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It will be great for accessing table and object members!

  global month, day, year in date'*t'

It will be great for named parameters!

  function IO_Socket_INET:new( params )
    global Proto, PeerAddr, PeerPort in params
    assert( Proto, "need protocal" )
    assert( PeerAddr, "need address" )
    -- port is optional
    return self:some_lower_level_function( Proto, PeerAddr, PeerPort )

  sock = IO_Socket_INET:new{ PeerAddr ='',
PeerPort='http(80)', Proto ='tcp' }

But for this usage, I would prefer that Lua use the keyword 'local' or
'bind' or 'import' rather than 'global'.

I never liked Pascal's 'with' because it would pollute your local scope
with everything in a record.  I really like 'global a,b,c in some_table'
because it's selective, and it will save me from typing table.this,
self.that, over and over.

As for 'global in some_table or nil' and the problem of pre-declaring
everything, one should never have to declare any of the functions
registered by the C API.  By this I mean everything in lbaselib.c should
be declared by default.  After all, these would be pseudo-keywords in
other languages.  I guess the problem is that there is no way of knowing
who put the function in the globals() table -- was the C API or some Lua

What if all C functions are declared by default?  ie. functions for
which lua_iscfunction is true.

I also think that functions defined in a scope should be automatically
declared for the rest of the scope.

  global square  --  don't want to have to do this
  function square(x) return x*x end

I guess this is part of the reason for 'global in T' acting like
'namespace T' or 'package T'.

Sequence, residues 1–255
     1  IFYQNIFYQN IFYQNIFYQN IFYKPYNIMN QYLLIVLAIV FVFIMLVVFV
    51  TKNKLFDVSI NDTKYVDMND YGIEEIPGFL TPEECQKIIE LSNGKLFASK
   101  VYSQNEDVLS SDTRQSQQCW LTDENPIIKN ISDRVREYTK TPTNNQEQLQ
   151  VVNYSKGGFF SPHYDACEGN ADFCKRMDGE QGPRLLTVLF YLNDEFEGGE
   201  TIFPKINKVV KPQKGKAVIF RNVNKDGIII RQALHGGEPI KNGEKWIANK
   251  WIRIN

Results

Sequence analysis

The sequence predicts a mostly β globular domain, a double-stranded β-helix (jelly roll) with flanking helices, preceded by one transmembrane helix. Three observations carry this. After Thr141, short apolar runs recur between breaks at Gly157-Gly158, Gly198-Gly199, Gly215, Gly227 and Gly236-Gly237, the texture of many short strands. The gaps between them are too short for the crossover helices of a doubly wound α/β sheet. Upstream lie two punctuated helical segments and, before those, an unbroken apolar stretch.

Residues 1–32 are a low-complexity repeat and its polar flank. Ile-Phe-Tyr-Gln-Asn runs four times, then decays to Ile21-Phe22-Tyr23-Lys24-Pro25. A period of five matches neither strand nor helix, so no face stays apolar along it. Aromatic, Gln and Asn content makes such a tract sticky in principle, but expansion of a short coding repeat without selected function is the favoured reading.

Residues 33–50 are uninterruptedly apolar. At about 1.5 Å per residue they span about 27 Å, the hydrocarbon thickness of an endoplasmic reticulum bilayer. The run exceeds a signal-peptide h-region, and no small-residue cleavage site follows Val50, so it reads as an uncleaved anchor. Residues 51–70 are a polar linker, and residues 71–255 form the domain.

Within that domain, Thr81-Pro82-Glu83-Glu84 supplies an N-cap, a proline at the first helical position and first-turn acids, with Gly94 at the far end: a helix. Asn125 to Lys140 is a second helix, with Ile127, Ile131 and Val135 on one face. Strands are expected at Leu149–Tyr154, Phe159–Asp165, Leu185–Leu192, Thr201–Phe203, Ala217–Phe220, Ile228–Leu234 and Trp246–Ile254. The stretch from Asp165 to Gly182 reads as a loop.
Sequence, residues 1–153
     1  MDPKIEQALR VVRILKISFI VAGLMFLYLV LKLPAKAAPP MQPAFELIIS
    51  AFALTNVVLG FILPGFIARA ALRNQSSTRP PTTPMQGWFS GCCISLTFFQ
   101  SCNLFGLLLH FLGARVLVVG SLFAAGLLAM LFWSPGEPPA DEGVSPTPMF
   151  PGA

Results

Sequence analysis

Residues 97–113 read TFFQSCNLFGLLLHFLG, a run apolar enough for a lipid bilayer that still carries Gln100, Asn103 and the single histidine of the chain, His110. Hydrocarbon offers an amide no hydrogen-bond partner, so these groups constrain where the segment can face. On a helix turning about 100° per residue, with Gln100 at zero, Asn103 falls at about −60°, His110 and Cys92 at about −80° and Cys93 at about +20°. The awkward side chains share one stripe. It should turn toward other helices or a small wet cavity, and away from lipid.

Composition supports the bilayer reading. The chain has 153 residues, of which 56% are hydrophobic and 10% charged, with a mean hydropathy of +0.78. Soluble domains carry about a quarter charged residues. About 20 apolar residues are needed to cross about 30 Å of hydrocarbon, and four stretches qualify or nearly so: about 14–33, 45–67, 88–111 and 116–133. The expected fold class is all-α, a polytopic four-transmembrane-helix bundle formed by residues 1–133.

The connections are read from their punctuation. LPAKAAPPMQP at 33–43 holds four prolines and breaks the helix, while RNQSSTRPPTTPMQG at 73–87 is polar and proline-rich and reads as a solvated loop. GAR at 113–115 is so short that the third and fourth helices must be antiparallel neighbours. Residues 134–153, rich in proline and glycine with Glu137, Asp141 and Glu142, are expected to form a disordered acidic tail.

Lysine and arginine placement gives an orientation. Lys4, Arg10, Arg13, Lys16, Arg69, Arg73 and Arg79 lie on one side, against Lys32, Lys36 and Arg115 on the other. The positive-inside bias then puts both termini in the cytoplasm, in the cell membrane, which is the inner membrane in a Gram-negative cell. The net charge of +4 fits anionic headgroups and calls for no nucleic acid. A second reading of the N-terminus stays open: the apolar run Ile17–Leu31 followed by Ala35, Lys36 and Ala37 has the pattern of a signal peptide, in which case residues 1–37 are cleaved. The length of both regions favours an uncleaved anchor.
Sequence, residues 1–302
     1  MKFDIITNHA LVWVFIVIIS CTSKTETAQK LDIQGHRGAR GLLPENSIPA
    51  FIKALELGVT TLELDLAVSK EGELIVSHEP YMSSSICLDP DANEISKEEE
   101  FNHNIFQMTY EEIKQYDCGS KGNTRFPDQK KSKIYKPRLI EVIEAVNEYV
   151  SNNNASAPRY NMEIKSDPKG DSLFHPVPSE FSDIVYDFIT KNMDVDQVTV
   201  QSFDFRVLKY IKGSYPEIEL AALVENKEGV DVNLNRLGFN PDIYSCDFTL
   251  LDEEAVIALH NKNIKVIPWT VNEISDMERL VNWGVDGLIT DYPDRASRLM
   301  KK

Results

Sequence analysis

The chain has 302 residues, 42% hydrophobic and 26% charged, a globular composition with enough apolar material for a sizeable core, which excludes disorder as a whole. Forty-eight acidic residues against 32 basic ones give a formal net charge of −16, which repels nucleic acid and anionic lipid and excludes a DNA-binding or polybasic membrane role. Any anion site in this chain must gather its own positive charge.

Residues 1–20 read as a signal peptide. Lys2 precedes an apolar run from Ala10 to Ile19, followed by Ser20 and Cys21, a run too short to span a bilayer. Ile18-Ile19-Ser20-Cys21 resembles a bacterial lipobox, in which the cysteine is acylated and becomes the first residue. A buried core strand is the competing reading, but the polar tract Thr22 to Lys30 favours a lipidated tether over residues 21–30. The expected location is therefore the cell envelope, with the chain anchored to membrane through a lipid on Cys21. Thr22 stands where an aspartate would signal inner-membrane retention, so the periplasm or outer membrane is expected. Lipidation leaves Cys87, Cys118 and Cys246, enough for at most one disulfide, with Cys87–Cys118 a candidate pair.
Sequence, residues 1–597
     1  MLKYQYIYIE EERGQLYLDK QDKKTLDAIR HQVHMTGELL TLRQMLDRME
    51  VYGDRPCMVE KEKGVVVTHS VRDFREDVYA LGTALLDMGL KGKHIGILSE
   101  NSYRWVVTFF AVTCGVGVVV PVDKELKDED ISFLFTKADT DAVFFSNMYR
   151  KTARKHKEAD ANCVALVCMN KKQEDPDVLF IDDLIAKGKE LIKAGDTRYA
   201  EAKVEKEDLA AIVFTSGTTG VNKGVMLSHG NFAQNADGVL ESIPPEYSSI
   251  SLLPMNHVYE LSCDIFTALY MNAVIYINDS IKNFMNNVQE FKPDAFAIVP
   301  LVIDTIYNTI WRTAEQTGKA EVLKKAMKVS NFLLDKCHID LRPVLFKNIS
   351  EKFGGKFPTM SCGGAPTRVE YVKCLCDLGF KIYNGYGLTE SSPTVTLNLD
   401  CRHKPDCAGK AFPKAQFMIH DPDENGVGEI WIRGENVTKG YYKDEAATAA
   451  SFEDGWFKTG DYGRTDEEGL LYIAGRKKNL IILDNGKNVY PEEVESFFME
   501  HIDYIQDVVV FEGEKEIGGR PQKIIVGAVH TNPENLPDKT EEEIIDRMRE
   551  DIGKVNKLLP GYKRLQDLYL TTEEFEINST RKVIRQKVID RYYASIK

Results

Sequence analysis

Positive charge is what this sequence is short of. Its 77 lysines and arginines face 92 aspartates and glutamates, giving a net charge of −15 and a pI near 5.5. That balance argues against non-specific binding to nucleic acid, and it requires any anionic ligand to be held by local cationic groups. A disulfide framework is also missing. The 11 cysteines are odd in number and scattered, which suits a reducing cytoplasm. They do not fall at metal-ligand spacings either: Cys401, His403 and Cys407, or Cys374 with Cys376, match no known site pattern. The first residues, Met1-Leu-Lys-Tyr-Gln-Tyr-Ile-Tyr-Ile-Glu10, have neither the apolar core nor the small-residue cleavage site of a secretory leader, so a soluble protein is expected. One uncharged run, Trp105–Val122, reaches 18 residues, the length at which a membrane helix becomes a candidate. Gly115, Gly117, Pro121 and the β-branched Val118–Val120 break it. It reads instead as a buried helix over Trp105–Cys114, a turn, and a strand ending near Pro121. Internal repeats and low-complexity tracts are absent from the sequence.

If a Perl script has:

  use CGI; 

What happens is the "compiler" stops "compiling" at the 'use' statement,
opens from the search path, "compiles" it, and evaluates
'CGI->import();'.  Most Perl modules have a 'require Exporter;'
statement that provides a default 'import' method which copies certain
specified variables into the users symbol table so that they are
available when the rest of the users file is "compiled".

The 'use' statement above is the short form of:

  BEGIN { require ''; CGI->import(); }

Where Perl's require is very much like Lua's require.  The important
point is that Lua doesn't have any form of BEGIN to stop "compiling",
evaluate some code, and continue "compiling", and so there is no way to
fix up the symbol table (add some declarations) before the rest of the
main file is "compiled".

The new global keyword will let you add specific names to the symbol
table, but it wont verify that those names exist in the module being
used.  There might be some ways to work around this though.

I agree with Tom, lets give it a try and see what it can do.

- Peter